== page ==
When the Ward 1 Democratic Committee meets tomorrow to nominate a candidate for alderman, it will be acting as more than the judge in a campus popularity contest. Though the Ward 1 alderman plays an important role in shaping the interactions between Yale students and the New Haven community during his or her time in office, the committee makes a particularly loud statement about its own vision for the future of this relationship with its endorsement.

This decision comes at an important time — a strong community movement is redefining the way development happens in New Haven; Gateway Community College’s relocation will bring more students downtown; and Mayor DeStefano’s run for governor may bring shake-ups at City Hall. The right choice Wednesday can help perpetuate the role the Ward 1 alderman has played in bringing progressive change to New Haven. The wrong decision may jeopardize that role, leaving it to the next alderman to re-establish the relationships and the commitment to organizing that have made that change possible.

So far, much of what has been written about the endorsement race has missed this point entirely. Rather than focusing on the substantive differences between Rebecca Livengood and Dan Weeks, writers for both of the major campus newspapers have done their best to reduce this to a popularity contest. Writing about who is dating a member of the committee, who is in an a cappella group, and alleging that the Undergraduate Organizing Committee has some kind of undue influence over the proceedings (and there are how many communists in the State Department, Sen. McCarthy?) may be good for laughs, but it’s not particularly responsible journalism.

Rather than talking about who is most “mainstream,” why not discuss which candidate will be a more effective member of a governing body that does not remotely resemble the Yale campus? Rather than using affiliation with undergraduate organizations as a qualification, why not examine the kinds of coalitions both Livengood and Weeks would build during their time on the board? And rather than judging the candidates by the titles on their resumes, why not choose the candidate with the most commitment to the tough, unglamorous work of voter registration and constituent turnout, the bedrocks of ward-based politics?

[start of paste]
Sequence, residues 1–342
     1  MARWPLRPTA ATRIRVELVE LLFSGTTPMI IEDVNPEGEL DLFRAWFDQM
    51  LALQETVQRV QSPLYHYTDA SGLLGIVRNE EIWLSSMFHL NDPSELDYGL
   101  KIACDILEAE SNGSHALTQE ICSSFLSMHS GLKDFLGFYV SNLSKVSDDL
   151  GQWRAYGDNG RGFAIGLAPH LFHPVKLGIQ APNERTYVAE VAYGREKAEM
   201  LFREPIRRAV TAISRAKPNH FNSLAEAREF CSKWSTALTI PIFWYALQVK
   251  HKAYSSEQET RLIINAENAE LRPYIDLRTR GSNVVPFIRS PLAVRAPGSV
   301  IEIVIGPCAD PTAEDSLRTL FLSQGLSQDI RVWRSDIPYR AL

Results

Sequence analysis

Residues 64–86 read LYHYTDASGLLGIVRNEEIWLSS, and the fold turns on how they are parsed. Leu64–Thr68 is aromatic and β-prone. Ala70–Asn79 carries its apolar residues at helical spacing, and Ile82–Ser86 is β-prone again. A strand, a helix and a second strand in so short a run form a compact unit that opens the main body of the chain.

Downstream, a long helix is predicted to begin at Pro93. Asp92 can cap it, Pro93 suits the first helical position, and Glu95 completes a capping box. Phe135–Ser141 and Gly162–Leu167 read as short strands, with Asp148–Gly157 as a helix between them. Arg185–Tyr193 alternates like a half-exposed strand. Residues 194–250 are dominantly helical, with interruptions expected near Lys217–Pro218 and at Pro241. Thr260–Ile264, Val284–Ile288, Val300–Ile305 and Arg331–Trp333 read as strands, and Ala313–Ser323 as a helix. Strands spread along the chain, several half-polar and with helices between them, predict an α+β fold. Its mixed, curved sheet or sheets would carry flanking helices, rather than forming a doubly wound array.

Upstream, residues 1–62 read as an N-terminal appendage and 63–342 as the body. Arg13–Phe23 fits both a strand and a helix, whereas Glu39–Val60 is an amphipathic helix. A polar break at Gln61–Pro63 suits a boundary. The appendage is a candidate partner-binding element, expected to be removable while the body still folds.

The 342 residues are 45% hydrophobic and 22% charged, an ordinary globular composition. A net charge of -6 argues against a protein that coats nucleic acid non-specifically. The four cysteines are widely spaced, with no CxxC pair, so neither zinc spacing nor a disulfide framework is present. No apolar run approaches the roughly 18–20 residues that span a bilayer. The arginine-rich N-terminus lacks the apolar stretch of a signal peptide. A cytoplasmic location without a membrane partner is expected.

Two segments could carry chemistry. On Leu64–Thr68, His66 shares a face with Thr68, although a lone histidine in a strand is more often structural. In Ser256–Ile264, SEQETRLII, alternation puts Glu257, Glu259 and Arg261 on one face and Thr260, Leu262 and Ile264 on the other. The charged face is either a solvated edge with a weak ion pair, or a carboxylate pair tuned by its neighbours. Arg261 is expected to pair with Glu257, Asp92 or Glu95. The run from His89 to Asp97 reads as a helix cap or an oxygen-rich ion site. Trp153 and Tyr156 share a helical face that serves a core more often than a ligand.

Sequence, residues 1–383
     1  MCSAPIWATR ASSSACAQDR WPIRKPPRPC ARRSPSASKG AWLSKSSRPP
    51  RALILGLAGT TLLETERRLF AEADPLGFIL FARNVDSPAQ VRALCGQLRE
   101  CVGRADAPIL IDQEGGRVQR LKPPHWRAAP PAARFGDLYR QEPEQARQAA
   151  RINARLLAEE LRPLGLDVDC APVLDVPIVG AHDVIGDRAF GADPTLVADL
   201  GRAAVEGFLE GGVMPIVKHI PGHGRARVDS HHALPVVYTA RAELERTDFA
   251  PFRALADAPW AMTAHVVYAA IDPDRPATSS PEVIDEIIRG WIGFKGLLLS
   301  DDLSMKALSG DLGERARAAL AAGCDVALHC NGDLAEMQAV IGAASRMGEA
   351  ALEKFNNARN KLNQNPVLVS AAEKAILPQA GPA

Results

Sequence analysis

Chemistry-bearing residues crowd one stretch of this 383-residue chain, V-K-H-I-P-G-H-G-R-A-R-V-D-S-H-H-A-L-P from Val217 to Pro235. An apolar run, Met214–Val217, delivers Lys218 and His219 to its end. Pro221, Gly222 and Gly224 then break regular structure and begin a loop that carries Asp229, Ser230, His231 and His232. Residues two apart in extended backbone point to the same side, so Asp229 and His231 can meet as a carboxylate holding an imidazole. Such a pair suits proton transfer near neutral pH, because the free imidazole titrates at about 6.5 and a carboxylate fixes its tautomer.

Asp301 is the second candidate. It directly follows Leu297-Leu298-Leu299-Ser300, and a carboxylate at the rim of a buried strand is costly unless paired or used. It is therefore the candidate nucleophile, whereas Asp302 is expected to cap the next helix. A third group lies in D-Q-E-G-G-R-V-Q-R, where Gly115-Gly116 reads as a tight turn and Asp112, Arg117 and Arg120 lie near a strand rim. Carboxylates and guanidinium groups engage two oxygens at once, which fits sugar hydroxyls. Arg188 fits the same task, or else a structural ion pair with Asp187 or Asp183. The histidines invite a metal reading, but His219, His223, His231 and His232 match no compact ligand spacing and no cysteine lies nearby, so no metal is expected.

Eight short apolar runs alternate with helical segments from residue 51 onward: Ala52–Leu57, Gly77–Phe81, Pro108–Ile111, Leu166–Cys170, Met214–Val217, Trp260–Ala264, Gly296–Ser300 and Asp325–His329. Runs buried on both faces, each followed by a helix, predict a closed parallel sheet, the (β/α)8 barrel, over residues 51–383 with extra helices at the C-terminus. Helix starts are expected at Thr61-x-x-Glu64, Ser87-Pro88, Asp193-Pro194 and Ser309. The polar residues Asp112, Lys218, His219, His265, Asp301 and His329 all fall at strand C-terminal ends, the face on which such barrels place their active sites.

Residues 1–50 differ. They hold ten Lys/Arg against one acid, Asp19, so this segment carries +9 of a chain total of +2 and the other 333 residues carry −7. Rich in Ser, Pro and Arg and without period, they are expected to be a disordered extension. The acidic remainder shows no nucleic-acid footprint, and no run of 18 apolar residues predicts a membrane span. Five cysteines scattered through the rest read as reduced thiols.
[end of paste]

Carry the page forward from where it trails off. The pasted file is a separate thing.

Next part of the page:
Former Ward 1 aldermen have succeeded precisely because they were not mainstream by Yale standards. They were effective at building relationships and helping to shape New Haven’s political agenda because they were willing to immerse themselves in the life of the city far beyond Ward 1. That immersion, and that desire to prioritize the real, day-to-day needs of New Haven residents over pursuit of a trendy, think-tank-approved agenda, is what makes a Ward 1 alderman a good representative. That is not to say that the Ward 1 alderman should simply be a passive vessel for an agenda presented by the mayor and the other aldermen, but the right to be a leader on the board must be earned, not simply assumed.

One of the best ways to earn that role is by putting in the hard work to build coalitions on a wide variety of issues to embrace a broader vision of change in New Haven. That means acknowledging a wider definition of who has power in the city. Having established relationships with the people currently in office is all well and good, but those allies may not be at City Hall come this fall or the next one.

The only timeless currency of local politics is the ability to mobilize constituents. An alderman who can turn supporters out to hearings and rallies will never find herself alone when it comes time for a vote; in contrast, personal relationships can prove disappointingly ephemeral when it seems to his colleagues that an alderman has not provided them with the safety net they need. Power in New Haven often moves from bottom to top, rather than the other way around: City residents brought together by their churches helped to defeat the Domestic Partnership Amendment, and the Community Organized for Responsible Development (CORD) has made itself a formidable player in city politics by going door-to-door in the Hill and asking residents what they want New Haven to look like.

Bringing more people into the political process as voters, community advocates or volunteers is good for any city, regardless of the impact on individual pieces of legislation. The next Ward 1 Alderman must have the energy and commitment necessary to mobilize one of the most transitory populations in New Haven — as every September, half of the potential voters either leave town or have just arrived. Getting freshmen registered to vote and encouraging them to think of themselves as citizens is perhaps the most difficult task the next alderman will face.

In this context, the real difference between Rebecca Livengood and Dan Weeks isn’t one of experience — both of them have done a substantial amount of work on the issues that matter to them — but of philosophy. Weeks may be an excellent lobbyist, but that does not mean he is best suited to fill the Ward 1 alderman’s chair. Livengood’s commitment to bring a new generation of student citizens to City Hall, and to do the hard work to build the coalitions and mutually supportive relationships that will make progressive change possible in New Haven, makes her the best woman for the job. In endorsing Livengood tomorrow night, the Ward Committee has the chance to demonstrate that Yale students have moved beyond the romance of political deals in smoke-filled back rooms, and that we are ready to join our fellow citizens in the hard work and tough choices that make a better New Haven a reality.

Alyssa Rosenberg is a junior in Silliman College and co-chair of the Ward 22 Democratic Committee. This is the third and final part of a series on Ward 1.